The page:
As you may, or may not, know, I am a Gatsby fan. Or rather, I am a fan of F. Scott Fitzgerald, but never, ever should I use him as a comparison in a pitch letter. Or so I’ve been told by someone who supposedly knows these things.
But I digress.
A long time ago, read three years, The Great Gatsby was assigned as required reading for a writer’s conference I was attending. Not high school, a writer’s conference. At first I kind of struggled through the story. It was a bit slow, but seeing 1920’s New York through the eyes of an author that lived it, kept me going. When I finished the book, my initial reaction was…meh. It was alright. For a decorated classic, I found it lacking.
That was when the after taste kicked in. I mulled on it and after a while I realized that, not only did I like the story, I loved it. I don’t know what changed. Maybe the story needed time to sink in. Maybe I needed time to mature as a writer and in finding MY voice, I also found F. Scott Fitzgerald’s.
A lot of people I know, have trouble reading books written in the first person point of view, which this book is. I actually like that perspective and it is my choice for telling stories myself. I find it intimate. I like the fact that the story cannot be revealed too early. I love the ability to use it for unreliable narration. The introspection is where Fitzgerald makes his money and it is where I found a kindred spirit.
Many have examined The Great Gatsby and some, in their analysis, state irrefutably, that the main character, the narrator, Nick Carraway, is an unreliable narrator.
I am of the opposite camp. Nick is not unreliable. There is nothing to lead us, the reader, to believe that anything he says is anything other than the truth as he witnessed it. I think, therein lies the rub. They think he saw it as he wanted to see it. I think he relayed exactly what happened as it happened. Gatsby is the unreliable one. Gatsby is the one feeding lines and laying down smoke screens. Gatsby is a consummate window dresser. Nick was his conscience.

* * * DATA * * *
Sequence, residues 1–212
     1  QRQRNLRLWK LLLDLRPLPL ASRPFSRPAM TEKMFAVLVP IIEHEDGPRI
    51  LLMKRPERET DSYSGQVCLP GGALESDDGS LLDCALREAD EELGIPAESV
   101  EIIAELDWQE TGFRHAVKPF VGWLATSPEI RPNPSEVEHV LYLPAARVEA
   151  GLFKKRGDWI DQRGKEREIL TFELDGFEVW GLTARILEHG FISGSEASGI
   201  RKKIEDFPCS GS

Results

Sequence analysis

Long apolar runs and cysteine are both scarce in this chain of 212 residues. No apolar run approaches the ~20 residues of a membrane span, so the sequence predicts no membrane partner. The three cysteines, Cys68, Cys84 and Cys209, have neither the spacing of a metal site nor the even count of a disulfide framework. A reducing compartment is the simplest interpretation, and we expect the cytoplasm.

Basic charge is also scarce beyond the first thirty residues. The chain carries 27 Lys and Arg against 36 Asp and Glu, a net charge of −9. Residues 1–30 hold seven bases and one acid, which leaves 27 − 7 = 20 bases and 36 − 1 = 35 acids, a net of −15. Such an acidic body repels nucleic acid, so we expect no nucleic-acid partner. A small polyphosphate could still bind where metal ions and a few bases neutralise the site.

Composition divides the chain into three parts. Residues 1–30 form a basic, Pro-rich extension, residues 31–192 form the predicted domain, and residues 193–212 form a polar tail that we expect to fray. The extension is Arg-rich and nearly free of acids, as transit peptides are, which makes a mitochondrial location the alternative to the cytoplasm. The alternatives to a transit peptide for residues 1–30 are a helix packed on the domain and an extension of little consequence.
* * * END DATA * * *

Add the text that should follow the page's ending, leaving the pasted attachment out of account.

An unreliable narrator, knowingly or unknowingly, portrays fiction as the truth. Nick did neither. He suspects from the get go, that there was more to Gatsby than he let on. That is why he was drawn to him. Gatsby was the exact opposite of Nick.
Which brings me to Baz Luhrmann’s 2013 film, The Great Gatsby.
Baz, in my mind, successfully brought the book to life. He stayed true to the book and F. Scott Fitzgerald’s vision. I watched the extras. Baz walked in Fitzgerald’s footprints. He visited the area that inspired the book. He cast his actors and actresses, starting with Leonardo DiCaprio and Tobey Maguire because, they too loved the book.
Visually, it was spectacular, a cinematic homage to the old films. That said, the use of green-screen was obvious and glaring.
The music was a modernized version of jazz circa the 1920’s and it worked…mostly. I don’t mind modernizing old music. I don’t mind creating new music that feels old. Both of which Baz accomplished with thanks to some great talent like Brian Ferry, Florence and the Machine, XX, etc. But, where he allowed himself to falter was allowing himself to believe Jay Z’s misconception that jazz was to the 20’s what “hip hop”, his word for the rap in the film, is to today.
I’m sorry, no. No it is not. Not even close.
The rap felt tacked on. Like an after thought. Like a ploy to draw a wider audience. Essentially, he realized that the unfortunate truth about today’s movie goers, is that quality storytelling only appeals to an infinitesimal minority. The majority want films with explosions, sex and gore. They don’t want to think. They want to watch a cinematic video game.
Look at the film festivals for proof. Those films win the awards but rarely win the box office.
Where I feel Baz was brilliant, where I feel he truly channeled Fitzgerald, was in the stuff he added and what he cut out. The addition of Carraway being coerced into writing down the events, was brilliant and in keeping with the character. He even threw a curve-ball at the people claiming Carraway was an unreliable narrator. He put Carraway in a Sanatorium. It is also a nod to the young actors and actresses that, like moths, get too close to the flame of celebrity and end up in rehab.
Carroway got too close to the flame that is Gatsby.
Very nicely done.